I was asked this so here we go...
So far it's been great. Their not Harper Collins or Random House by any means, they are a new company, but their not Publish America either. I was impressed with the idea that I recieved 15 free copies of my novels, and the marketing director called me asking where I wanted to sign. In a week I was signing books in book stores, so I had no problem there. They offer a 55% discount to stores with returnability. I've done three more signings since.
Now as far as newspaper reviews and that sort of thing I did that myself, but the marketing team put my book in every resource available. None of this cost me anything. They also sent me a PDF Catalog and a monthly royalty statement which I won't recieve anything for another 5 months. But so far after being slammed by PA, Blu Phier is awesome. Easy to work with, they call you right back when you have a question. I like them. Great place to start.
I also hear from one of the authors my space pages that an NBC exec signed up with them, and one of their illustrators used to work on the Aliens Vs Predator comic. (If anyone knows what that is.)
In any case, so far I've enjoyed it. I guess we'll see what happens when royalty time comes. I know they got my books in every store in my town and outside cities, so I'm hoping they can achieve a world wide magnitude. Of course, I imagine it's hard for any smaller press to do that.
Wow. Doesn't sound very promising. Hopefully, as Scott suggested, their contract will be overhauled to become more author friendly. What do you think the possibility is of that happening?
I've seen a recent copy of the Blu Phi'er contract, and it's an unprofessional mess.
It's an all-rights contract (despite the fact that there's no evidence the company has arrangements in place to market subsidiary rights). While the grant of rights appears to be for the life of copyright (exact wording: "Client herein irrevocably assigns all rights associated with the publishing of the aforementioned book to Blu Phi'er Publishing, L.L.C.") there's no provision for the return of rights to the author when the book is taken out of print--in fact, there's no out-of-print/reversion clause at all.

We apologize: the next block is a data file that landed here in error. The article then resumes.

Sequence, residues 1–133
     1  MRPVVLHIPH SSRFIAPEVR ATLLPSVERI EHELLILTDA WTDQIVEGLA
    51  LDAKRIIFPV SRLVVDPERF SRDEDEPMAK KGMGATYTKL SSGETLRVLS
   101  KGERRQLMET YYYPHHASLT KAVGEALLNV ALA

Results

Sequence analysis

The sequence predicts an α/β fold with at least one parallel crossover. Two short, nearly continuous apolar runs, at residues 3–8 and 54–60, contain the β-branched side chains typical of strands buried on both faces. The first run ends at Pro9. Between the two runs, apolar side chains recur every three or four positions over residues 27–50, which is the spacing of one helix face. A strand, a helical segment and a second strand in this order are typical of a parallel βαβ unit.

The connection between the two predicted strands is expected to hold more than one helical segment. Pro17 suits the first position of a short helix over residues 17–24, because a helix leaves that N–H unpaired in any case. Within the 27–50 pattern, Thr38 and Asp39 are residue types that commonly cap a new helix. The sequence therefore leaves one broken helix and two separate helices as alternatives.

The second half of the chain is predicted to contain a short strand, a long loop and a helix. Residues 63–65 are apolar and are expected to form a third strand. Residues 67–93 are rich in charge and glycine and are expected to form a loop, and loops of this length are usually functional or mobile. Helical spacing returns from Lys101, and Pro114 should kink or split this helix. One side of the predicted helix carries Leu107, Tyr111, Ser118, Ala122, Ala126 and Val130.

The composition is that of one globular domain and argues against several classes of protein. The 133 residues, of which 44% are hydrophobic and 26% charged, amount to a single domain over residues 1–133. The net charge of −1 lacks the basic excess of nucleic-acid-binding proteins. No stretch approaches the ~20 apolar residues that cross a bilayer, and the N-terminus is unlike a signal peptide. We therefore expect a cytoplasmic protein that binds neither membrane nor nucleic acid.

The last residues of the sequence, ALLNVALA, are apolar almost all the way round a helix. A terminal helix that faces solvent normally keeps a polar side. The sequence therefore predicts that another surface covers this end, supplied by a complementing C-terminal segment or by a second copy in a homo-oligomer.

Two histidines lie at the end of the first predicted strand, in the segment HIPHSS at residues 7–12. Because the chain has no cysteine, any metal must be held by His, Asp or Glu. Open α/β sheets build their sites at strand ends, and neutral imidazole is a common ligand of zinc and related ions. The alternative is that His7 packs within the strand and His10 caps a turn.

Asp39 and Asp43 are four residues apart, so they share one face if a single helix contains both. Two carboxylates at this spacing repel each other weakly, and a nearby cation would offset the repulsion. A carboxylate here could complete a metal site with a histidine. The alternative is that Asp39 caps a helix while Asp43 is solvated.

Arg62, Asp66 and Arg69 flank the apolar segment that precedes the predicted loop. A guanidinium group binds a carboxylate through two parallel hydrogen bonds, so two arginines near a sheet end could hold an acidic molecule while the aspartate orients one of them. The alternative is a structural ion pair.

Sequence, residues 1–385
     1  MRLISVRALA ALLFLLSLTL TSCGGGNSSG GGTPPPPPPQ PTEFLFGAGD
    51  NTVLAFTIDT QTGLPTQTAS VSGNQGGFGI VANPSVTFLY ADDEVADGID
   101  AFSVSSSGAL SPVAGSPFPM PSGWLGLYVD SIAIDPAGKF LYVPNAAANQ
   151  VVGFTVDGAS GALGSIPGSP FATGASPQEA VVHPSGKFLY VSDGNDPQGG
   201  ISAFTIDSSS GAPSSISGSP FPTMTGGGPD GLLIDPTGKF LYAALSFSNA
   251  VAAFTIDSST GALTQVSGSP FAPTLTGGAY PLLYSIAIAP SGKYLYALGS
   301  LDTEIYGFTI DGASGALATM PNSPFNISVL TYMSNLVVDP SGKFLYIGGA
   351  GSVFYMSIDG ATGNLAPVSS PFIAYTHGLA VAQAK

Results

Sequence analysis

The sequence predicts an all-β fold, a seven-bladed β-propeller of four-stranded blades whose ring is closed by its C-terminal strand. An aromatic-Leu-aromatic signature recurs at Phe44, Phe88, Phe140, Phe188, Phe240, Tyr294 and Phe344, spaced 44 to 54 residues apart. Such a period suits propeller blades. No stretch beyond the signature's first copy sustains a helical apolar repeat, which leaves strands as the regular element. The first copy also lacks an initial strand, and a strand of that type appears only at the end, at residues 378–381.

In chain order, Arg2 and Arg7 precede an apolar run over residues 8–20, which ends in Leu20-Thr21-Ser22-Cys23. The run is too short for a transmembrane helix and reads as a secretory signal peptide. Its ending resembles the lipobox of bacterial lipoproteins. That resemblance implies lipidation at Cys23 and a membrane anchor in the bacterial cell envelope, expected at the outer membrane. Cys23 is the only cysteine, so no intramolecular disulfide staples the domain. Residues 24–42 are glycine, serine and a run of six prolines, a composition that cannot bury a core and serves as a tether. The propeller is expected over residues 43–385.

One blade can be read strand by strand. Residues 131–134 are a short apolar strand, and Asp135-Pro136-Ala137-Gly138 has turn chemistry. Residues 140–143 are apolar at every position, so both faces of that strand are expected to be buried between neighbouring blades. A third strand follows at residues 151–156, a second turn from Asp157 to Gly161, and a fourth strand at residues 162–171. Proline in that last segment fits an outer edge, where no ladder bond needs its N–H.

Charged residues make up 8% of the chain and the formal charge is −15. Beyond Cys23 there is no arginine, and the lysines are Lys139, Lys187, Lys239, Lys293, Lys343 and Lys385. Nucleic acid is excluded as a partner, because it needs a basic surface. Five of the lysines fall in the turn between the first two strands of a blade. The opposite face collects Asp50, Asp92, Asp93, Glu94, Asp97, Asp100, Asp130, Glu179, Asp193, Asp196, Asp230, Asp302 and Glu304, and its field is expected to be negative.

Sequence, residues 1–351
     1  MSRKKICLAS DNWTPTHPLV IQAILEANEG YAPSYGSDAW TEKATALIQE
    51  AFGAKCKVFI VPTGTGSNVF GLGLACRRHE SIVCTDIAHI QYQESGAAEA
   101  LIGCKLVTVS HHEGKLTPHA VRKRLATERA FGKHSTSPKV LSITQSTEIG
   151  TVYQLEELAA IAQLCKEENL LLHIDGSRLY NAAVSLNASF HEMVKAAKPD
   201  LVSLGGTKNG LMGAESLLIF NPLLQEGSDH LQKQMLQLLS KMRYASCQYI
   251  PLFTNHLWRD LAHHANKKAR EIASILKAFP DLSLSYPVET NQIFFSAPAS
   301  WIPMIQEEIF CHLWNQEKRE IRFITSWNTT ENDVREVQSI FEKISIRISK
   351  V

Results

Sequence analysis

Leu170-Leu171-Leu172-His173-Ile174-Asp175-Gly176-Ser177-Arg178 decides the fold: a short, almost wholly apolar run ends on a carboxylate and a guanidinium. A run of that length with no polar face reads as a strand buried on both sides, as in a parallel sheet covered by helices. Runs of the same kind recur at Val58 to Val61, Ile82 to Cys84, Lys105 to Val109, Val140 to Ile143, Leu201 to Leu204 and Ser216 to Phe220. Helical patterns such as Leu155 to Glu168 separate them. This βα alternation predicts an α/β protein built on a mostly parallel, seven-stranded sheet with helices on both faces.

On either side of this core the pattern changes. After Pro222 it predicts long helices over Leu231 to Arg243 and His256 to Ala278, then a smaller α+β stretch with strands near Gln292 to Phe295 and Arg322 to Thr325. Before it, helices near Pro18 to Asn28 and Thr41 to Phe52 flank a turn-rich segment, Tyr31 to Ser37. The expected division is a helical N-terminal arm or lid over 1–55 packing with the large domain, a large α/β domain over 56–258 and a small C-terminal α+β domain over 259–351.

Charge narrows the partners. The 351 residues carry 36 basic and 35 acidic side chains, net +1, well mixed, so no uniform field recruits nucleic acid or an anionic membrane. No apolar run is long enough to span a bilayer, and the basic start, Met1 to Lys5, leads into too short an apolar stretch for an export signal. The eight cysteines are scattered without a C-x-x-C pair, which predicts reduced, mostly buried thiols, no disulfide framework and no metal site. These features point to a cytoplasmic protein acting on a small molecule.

Also, the publisher takes all rights, but not only are these rights not enumerated, there's nothing in the contract to indicate what the author would be paid be should the publisher actually manage to sell or license any of them.
The royalty clause provides for payment on the book's cover price, but qualifies this by saying "after all funds expended by B.P.P. in the production of the book have been reimbursed." The wording is unclear, but it suggests either that the publisher won't pay royalties until production costs have been recouped, or else that the publisher will deduct the per-book production cost from the amount on which royalties are calculated. Either way, it's a net royalty.
Other issues too numerous to mention, including no time frame in which the publisher is required to publish; no obligation for the publisher to place a copyright notice in the book; nothing about the editing process or about the author getting a chance to approve proofs.
On their author's page, it lists one author's credits as having published with PublishAmerica, and the only novel that I can find of another author is also with PublishAmerica. This could just be an author's past booboo's, but a publisher like Avon wouldn't list a PA credit. If the leader of Blu'Phier doesn't know how bad PA is I'd be a little wary of Blu'Phier (it alludes to inexperience)--good luck though, JimmyD! I'll be looking for the book!